• MA-Sen: Dem Rep. Stephen Lynch is out with his second ad; like his first, it's a biographical spot, except this time, it features all sorts of reg'lar people proclaiming "I am Stephen Lynch" because they share some blue collar-ish characteristic with him (like going to college at night or being an ironworker). There's no word on the size of the buy this time.
• WI-Gov: GOP Gov. Scott Walker's job approvals look pretty much the same as ever in Marquette's new poll: 50 percent positive versus 44 percent negative. In October, it was 49-44. Marquette didn't ask any hypothetical head-to-head matchups for the 2014 gubernatorial race.
• NY-13: For the past couple of cycles, prognosticators and politicians have wondered whether this will finally be the year that Rep. Charlie Rangel retires. But Rangel, an octogenarian whose reputation suffered badly in recent times thanks to a host of ethical violations that led to a formal censure by the House, hasn't shown much interest in leaving, despite winning the Democratic primary by barely more than a thousand votes over state Sen. Adriano Espaillat last June. So he's likely to face another battery of challengers if he sticks it out again, and the first one out the gate is a guy who sought to unseat him in 2010: former Assemblyman Adam Clayton Powell IV. Powell, who lost 51-23 three years ago and then endorsed Rangel last time, has now filed paperwork with the FEC, but he hasn't formally launched a campaign yet.
• OR-03: Dem Rep. Earl Blumenauer is well-known for his interest in transportation issues, but he says he doesn't want to replace Ray LaHood as Secretary of Transportation. (LaHood has said that he'd like to step down from the job but will stay on until a successor is chosen.)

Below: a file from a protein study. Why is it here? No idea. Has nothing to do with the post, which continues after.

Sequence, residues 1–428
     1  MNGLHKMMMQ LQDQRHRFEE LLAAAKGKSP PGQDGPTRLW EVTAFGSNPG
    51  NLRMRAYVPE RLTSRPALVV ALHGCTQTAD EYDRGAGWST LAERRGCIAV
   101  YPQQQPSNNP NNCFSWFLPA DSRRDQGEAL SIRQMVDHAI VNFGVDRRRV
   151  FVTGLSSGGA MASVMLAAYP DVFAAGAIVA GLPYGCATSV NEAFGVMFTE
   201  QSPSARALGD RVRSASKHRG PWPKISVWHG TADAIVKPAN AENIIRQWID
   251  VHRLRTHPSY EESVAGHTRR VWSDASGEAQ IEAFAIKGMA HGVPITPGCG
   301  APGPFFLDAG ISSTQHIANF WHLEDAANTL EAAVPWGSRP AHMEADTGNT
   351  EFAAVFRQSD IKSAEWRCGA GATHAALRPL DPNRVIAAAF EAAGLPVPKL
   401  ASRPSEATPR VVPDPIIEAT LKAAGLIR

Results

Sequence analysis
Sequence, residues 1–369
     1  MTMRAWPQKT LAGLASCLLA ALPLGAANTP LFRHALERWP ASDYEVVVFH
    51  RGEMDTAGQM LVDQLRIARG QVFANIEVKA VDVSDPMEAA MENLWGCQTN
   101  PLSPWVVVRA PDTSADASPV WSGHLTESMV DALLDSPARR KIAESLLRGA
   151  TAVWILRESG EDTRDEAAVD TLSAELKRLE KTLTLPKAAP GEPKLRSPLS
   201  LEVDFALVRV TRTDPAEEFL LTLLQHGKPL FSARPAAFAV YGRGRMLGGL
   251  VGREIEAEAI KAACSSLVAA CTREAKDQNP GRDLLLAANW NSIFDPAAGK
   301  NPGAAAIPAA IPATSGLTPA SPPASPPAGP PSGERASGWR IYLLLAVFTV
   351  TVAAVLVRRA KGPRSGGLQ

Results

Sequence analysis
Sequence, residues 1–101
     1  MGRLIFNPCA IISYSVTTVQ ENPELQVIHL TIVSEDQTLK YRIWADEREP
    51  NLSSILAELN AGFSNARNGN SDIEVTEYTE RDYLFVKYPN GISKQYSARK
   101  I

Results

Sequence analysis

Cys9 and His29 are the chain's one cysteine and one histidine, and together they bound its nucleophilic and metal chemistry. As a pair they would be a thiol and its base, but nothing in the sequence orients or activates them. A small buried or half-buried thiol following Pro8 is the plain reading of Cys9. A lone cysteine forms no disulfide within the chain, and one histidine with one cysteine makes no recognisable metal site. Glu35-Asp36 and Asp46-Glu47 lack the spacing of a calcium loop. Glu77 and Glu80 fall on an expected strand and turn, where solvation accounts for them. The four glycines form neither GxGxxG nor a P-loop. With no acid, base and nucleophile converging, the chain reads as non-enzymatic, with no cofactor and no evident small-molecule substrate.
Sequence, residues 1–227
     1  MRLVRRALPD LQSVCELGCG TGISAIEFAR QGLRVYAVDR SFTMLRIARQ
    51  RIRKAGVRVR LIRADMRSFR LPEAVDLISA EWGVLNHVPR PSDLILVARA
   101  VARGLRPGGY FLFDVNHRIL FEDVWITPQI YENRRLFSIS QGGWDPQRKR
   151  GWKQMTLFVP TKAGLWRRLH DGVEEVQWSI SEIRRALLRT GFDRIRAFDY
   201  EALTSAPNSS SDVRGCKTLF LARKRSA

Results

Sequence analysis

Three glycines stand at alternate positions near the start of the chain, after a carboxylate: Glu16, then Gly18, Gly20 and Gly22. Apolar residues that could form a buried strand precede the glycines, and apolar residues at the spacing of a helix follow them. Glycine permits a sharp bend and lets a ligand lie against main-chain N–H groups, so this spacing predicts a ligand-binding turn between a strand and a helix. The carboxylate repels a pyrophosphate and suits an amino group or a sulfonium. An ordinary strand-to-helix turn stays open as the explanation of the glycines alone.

• SC-01: Unsurprisingly, ex-Gov. Mark Sanford earned one of two spots in the GOP runoff after last night's special primary in South Carolina's 1st Congressional District. Sanford took 37 percent of the vote—far ahead of his nearest rival, but well below the 50 percent mark needed to clinch the Republican nomination outright. Second place is far less clear, though. With 100% of precincts reporting, former Charleston City Councilor Curtis Bostic finished with 13 percent, but state Sen. Larry Grooms was fewer than 500 votes back at 12 percent. Grooms did not concede and is preparing for a recount.
There's precious little time for one, though, with the second round of voting scheduled for April 2. If things drag out, it could help Sanford seal the deal in two weeks' time and make it harder for anti-Sanford forces to coalesce around whomever his opponent turns out to be. Whatever happens, though, the eventual winner of the Republican nomination will take on Democrat Elizabeth Colbert Busch, the sister of TV personality Stephen Colbert, on May 7.
• WATN?: Republican ex-Rep. Mary Bono Mack already said she won't run for office ever again. Now she's sealed that with a new DC lobbying gig at FaegreBD Consulting.